Like every story, they need a beginning, a middle and an end. This is specific to stories over and above feed posts and needs careful consideration. At the beginning, it’s good to set the tone and explain what the audience is about to see, whether that’s just an image and copy or a full video explaining what’s to come. Explaining what you’re about to show the audience will help with viewer retention by giving them the option to swipe away if they don’t feel that content is relevant to them. The middle is your core creative content, containing the main message you want to deliver to your audience, and ending with a call to action. This might be directing viewers to another piece of content or encouraging a reaction/discussion.

Like feed posts, you must plan ahead

Because stories have such a short life span, I think the lack of permanency that feed posts have can fool marketers into leaving story content to the last minute. It’s an easy trap to fall into, and one I myself can sometimes be guilty of. Although they only show up for 24 hours, they still require the same level of planning and preparation as feed posts to remain strategic and consistent. Poor quality doesn’t wash with viewers – no matter how short the content is!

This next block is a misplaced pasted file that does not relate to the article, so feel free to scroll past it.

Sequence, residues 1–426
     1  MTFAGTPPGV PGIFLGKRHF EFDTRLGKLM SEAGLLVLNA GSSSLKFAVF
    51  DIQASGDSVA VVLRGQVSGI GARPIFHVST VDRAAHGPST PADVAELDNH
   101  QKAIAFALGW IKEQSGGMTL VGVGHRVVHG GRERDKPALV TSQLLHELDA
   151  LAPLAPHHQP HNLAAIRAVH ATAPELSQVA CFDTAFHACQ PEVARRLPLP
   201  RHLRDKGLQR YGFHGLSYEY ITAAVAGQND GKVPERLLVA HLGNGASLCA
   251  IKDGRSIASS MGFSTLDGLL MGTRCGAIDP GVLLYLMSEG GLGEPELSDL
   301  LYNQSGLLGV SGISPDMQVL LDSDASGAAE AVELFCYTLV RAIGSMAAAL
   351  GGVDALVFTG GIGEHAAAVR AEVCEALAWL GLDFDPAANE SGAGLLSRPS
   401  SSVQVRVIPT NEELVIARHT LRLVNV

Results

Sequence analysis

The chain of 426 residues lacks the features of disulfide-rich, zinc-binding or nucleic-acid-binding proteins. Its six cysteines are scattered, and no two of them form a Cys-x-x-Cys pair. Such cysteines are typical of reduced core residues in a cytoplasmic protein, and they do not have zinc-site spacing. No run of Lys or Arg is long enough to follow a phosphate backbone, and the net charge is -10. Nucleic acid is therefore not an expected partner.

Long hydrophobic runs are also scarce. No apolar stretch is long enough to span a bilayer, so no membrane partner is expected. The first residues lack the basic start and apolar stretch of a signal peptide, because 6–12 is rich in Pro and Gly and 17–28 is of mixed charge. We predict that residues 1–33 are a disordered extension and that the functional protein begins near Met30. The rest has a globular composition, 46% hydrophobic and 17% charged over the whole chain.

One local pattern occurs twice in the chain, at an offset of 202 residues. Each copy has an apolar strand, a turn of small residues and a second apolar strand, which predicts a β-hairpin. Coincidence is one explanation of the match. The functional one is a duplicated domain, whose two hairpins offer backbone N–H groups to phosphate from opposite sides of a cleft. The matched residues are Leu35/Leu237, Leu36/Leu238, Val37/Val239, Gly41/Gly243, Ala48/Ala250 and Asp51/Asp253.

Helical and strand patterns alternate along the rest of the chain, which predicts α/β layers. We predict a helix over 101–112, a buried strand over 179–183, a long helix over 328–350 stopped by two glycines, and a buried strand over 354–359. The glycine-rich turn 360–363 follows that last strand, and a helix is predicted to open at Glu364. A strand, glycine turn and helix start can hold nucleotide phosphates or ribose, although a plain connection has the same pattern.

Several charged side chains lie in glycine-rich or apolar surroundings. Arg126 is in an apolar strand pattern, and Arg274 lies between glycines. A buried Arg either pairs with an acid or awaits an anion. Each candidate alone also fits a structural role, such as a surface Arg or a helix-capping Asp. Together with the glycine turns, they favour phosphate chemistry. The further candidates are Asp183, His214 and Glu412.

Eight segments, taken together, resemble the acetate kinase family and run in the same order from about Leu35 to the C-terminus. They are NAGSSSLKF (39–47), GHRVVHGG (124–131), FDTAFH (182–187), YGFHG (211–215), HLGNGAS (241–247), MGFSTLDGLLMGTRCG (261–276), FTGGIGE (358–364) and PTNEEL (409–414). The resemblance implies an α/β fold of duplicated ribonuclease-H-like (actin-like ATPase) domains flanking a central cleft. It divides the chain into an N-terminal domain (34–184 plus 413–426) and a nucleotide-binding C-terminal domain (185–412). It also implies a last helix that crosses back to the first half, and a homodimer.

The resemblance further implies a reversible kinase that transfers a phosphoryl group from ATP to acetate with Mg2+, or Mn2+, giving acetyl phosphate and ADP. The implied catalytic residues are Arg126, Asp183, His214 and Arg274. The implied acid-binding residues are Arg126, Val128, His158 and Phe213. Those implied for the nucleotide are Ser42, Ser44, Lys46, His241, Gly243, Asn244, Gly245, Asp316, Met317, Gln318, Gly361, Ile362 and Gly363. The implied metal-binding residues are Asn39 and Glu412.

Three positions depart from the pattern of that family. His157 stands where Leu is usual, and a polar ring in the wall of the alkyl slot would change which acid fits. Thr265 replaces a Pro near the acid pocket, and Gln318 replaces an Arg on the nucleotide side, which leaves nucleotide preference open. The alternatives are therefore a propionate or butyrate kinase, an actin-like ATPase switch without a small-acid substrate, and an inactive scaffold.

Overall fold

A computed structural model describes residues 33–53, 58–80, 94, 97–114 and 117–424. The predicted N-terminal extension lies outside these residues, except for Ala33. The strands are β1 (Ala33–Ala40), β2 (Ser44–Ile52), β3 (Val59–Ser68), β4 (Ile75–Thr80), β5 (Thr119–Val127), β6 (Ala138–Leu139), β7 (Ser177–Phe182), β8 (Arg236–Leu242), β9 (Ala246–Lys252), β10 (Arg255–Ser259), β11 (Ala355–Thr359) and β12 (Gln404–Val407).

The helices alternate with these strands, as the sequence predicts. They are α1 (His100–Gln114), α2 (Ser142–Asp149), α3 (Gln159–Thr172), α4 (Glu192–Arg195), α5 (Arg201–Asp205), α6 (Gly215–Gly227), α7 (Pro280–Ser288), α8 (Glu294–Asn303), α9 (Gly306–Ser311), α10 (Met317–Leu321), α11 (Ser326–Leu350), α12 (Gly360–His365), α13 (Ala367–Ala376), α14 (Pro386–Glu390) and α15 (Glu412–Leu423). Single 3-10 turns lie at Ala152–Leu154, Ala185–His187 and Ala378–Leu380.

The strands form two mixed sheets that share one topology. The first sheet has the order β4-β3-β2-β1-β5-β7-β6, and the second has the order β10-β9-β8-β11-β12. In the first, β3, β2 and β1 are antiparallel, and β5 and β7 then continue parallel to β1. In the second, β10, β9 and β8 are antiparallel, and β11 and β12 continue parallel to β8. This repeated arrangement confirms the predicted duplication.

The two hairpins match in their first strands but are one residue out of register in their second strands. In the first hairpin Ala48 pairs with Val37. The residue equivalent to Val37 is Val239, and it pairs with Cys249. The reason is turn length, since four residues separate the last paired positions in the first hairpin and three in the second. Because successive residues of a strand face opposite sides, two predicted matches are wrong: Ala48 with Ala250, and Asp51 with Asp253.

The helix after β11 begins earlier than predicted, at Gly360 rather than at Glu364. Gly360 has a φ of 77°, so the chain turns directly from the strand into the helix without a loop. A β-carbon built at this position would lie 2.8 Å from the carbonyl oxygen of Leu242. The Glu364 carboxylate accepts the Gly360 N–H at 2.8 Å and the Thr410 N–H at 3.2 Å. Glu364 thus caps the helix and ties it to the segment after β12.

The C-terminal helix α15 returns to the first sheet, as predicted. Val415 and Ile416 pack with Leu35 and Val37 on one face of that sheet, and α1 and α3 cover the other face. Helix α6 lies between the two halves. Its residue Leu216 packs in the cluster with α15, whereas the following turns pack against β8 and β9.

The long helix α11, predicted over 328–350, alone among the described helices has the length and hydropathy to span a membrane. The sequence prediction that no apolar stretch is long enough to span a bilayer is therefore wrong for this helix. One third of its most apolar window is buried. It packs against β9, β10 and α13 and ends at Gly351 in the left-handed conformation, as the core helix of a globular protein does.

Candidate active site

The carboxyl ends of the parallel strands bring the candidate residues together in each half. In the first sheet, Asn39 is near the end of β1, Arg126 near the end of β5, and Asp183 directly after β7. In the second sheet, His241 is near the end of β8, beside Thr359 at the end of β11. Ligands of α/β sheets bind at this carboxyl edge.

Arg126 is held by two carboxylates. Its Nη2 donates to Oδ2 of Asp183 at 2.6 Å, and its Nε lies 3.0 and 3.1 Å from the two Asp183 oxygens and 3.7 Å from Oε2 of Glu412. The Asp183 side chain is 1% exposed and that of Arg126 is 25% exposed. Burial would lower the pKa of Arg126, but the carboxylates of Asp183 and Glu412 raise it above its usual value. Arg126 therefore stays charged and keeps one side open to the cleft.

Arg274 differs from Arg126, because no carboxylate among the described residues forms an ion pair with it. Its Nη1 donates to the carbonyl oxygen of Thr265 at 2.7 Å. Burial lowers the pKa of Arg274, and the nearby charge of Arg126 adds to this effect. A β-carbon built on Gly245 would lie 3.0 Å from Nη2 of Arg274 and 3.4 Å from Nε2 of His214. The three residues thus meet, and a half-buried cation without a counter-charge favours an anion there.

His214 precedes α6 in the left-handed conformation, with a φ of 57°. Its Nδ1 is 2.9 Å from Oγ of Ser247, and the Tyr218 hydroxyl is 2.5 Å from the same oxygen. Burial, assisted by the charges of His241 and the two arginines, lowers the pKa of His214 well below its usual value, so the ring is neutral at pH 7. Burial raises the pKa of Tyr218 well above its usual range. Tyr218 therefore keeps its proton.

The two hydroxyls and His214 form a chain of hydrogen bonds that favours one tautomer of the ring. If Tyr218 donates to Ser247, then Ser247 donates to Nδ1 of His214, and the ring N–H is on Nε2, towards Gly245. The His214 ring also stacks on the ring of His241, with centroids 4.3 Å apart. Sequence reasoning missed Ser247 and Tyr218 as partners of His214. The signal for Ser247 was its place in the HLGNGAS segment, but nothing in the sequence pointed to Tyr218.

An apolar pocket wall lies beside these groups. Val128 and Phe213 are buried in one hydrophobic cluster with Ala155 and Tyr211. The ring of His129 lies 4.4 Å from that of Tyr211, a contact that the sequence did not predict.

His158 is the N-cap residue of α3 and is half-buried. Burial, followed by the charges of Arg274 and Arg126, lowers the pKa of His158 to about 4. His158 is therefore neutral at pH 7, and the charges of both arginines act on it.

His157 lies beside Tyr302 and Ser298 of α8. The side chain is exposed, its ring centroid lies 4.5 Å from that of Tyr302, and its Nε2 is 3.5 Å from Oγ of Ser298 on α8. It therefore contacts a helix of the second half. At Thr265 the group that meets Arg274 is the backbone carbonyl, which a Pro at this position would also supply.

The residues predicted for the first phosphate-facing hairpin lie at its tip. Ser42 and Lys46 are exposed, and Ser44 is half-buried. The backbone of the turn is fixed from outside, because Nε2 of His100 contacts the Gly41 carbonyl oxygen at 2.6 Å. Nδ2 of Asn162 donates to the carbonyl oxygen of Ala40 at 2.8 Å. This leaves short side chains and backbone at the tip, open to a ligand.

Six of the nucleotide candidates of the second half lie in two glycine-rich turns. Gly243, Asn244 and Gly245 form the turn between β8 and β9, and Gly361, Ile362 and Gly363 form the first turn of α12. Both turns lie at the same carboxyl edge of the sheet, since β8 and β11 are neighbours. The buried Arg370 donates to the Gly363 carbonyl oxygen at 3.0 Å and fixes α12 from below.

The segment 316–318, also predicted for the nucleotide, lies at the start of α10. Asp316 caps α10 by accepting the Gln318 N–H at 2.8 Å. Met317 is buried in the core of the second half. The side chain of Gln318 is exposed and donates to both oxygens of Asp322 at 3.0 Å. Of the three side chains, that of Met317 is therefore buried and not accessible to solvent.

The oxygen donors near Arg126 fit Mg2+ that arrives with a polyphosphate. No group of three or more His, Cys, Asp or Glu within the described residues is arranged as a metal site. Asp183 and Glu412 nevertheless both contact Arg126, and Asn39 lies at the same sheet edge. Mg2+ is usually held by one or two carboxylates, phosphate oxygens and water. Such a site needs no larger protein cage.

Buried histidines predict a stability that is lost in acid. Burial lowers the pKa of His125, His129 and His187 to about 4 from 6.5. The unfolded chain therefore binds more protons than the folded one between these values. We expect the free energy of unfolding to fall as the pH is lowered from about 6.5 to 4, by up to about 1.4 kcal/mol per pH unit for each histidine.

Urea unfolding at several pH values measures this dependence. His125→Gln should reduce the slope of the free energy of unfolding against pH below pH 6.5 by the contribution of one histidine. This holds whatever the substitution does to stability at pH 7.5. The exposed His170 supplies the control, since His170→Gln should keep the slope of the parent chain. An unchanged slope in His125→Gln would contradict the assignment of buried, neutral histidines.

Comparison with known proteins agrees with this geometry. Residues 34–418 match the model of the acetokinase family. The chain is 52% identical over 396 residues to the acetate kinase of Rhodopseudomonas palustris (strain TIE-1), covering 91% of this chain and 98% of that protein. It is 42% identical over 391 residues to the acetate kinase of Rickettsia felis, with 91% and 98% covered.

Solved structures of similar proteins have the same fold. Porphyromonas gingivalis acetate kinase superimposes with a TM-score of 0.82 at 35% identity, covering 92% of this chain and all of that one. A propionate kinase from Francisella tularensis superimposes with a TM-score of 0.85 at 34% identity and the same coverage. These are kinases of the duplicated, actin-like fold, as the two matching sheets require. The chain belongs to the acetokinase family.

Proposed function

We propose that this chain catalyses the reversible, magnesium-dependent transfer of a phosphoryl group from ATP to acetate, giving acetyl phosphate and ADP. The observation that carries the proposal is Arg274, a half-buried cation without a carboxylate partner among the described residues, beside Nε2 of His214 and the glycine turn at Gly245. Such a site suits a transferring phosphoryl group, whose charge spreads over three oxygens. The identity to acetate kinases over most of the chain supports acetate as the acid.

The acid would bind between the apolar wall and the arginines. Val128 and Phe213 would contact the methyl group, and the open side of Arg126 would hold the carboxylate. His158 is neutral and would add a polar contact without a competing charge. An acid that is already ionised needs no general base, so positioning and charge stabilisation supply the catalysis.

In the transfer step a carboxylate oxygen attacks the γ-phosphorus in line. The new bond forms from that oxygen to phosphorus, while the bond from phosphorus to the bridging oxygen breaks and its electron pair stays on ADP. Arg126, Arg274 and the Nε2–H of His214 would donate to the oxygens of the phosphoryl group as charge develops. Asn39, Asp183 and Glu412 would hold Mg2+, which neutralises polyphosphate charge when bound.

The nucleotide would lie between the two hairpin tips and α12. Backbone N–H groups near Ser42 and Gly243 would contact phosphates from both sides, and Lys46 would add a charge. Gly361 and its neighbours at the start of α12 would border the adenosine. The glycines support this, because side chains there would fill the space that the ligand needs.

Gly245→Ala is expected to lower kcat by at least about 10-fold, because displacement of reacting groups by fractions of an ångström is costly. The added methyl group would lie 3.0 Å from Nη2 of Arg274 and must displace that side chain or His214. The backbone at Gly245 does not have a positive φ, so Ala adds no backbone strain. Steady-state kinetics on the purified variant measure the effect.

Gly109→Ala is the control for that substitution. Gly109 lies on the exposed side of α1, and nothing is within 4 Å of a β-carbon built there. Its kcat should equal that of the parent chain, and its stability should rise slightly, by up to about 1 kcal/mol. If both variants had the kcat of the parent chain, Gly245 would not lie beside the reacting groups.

Leave the hard sell at the door

Polished, corporate content will not get brands very far. One of the most common mistakes I still frequently see is brands focusing on the product itself, rather than the benefit it brings. It’s a marketing fundamental that often gets lost in translation on social media. Stories give the opportunity to connect more authentically with audiences. User generated content is good here, especially if you’re tight on time. Sharing followers’ posts doesn’t require new content to be created but helps brands to maintain a presence and consistency. This has benefits beyond time saving, too; it gives the crucial social proof element, encouraging others to follow their behaviour.

Don’t be afraid to repurpose feed content